Caregiving and Frontal Temporal Dementia

Experiencing the "long good-bye" while caring for an ailing parent slowly dying of dementia is extremely trying, but possibly the most wonderful and meaningful thing you can do for your parent during their lifetime. This article is aimed at those of you who are experiencing the rare and horrible difficulties brought about by Frontal Temporal Dementia. This article is specifically directed to those who have loved ones who are newly diagnosed and are still able to talk and do a few things -though they and those around them are becoming increasingly aware of the waning skillsets.

This author and her husband moved her mother in last year after her spouse passed. Mother was diagnosed with FTD and appears to have most of her difficulties concentrated in the area of the brain that inhibits communication. She listens a wee bit better than she speaks. To help her through the difficult times, I will share what I have learned thus far.

Tips for Communication

  1. Find out if your actions make things worse or better.Until recently, I would wait patiently staring lovingly into my mother's eyes as she fought hard to make the word that corresponded with her thought come out. I was quietly say, "take your time." Mother told me the other day, "Don't do that." I finally realized that me staring at her made her nervous. She'd rather have me carry on with what I'm doing instead of halt everything while waiting for her to say the words she so desperately wants to get out.
  2. Don't constantly correcf your loved one's speech. They probably aren't going to get any better, so if you can understand them then they communicated good enough. It's ok to give occasional tips, but you don't want to make them scared to speak at all for fear of being corrected.
  3. Help them remain cognizant of any behaviors that may endanger them. It's alright to give tips every now and then. For instance my mother was saying "yes" for "no" and vice versa. I could tell that this might cause her confusion and could potentially cause her danger if she were in dangerous situation and gave the wrong answer. I encouraged her to finish out her sentences so that she would be clarifying her answers. She can't speak full sentences very well, but she tries and it usually gets the point across. I'll ask her silly questions like, "You don't mind if I give all your clothes away do you?" If she says, "No," then I kid her with a phrase like, "Ok I'll start packing them up today. " Eventually, with practice, she learned to either say the right answer or to finish it out like, "No, don't burn my clothes." It has really helped. We review this and practice on it every month or so.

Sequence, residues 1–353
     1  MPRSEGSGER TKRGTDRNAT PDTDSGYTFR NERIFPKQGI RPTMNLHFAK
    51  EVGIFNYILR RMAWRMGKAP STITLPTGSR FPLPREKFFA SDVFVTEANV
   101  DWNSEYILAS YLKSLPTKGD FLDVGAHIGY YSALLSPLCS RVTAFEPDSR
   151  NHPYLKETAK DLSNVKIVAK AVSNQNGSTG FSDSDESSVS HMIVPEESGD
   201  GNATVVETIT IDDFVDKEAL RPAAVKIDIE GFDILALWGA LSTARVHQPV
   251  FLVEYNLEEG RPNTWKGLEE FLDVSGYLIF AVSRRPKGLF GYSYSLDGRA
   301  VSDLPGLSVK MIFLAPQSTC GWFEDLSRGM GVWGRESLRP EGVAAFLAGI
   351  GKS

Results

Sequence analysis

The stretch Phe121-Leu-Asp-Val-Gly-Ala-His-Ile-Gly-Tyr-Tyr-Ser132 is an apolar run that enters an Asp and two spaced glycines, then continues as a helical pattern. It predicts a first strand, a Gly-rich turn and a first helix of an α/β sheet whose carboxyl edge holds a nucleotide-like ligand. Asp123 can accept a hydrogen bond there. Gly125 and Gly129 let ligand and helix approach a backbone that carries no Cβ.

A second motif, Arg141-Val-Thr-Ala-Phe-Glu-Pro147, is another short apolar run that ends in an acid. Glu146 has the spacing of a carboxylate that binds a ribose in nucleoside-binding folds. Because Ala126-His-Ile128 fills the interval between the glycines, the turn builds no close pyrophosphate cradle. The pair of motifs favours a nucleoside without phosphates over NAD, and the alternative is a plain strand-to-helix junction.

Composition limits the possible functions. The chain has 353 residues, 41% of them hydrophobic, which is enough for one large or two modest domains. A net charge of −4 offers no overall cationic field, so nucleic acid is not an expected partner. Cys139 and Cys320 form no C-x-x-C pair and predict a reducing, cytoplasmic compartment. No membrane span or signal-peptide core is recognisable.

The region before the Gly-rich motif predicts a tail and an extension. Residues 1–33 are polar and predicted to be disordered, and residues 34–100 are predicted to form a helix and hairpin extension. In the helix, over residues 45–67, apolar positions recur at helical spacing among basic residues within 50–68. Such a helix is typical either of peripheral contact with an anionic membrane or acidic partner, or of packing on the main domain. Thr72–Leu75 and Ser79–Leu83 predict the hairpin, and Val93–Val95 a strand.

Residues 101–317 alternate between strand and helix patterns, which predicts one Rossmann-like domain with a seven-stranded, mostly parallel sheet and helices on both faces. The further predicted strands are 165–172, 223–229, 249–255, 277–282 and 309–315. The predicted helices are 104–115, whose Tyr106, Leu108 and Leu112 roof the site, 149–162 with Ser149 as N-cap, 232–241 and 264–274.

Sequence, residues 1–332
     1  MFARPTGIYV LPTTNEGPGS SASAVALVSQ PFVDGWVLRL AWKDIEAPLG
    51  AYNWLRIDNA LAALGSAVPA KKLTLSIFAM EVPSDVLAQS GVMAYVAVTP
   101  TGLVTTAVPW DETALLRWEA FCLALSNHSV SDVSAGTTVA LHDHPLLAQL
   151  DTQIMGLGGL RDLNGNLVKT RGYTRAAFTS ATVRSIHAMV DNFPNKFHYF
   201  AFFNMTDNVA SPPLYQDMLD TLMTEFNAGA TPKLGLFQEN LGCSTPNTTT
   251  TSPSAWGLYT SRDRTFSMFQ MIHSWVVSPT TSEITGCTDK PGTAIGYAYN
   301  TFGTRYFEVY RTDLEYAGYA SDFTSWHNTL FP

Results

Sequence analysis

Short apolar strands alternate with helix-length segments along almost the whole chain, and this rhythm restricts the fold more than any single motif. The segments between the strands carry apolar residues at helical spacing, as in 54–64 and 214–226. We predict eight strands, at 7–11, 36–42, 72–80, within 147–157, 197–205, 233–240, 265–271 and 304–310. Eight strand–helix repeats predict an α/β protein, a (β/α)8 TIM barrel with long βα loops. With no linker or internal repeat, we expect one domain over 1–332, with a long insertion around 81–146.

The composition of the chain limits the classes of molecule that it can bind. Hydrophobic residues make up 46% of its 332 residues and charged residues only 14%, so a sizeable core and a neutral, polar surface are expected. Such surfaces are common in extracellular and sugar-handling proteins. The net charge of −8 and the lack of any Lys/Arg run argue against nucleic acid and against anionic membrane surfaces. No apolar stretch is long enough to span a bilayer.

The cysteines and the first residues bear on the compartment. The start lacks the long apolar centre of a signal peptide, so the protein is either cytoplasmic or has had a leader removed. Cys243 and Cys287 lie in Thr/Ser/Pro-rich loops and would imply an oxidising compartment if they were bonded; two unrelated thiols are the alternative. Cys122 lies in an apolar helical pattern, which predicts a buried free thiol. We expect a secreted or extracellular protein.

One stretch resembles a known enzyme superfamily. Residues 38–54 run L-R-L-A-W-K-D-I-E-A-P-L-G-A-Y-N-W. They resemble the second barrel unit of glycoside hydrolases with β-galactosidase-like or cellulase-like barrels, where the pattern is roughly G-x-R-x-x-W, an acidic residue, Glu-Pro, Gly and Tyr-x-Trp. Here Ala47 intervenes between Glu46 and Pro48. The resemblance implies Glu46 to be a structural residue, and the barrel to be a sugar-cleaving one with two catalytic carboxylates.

4. Be extremely careful to preserve your loved one's dignity. I walked into my mother's room the other day and it smelled like urine. I blurted out, in the most sensitive way I could, "Did you wet the bed, Mom?" She said, "no," and I began to realize I was mixing up my smells and I think it was some odd combination of her new candle and some other smell in her room that made me think of urine. Anyway, I covered by walking over to the candle and smelling it. I exclaimed that it was the candle and that I often mix my smells up. I said, "I didn't mean to embarrass you...but you know I wet the bed just last year so it happens. It was not fun, let me tell you!" She laughed. I was lying of course...but it helped her to preserve her dignity. In the long run, it's best to avoid injuring their dignity if possibly. Tell your loved one that you are doing xyz because of an issue you have. Don't make it about them. This seems to help alot.

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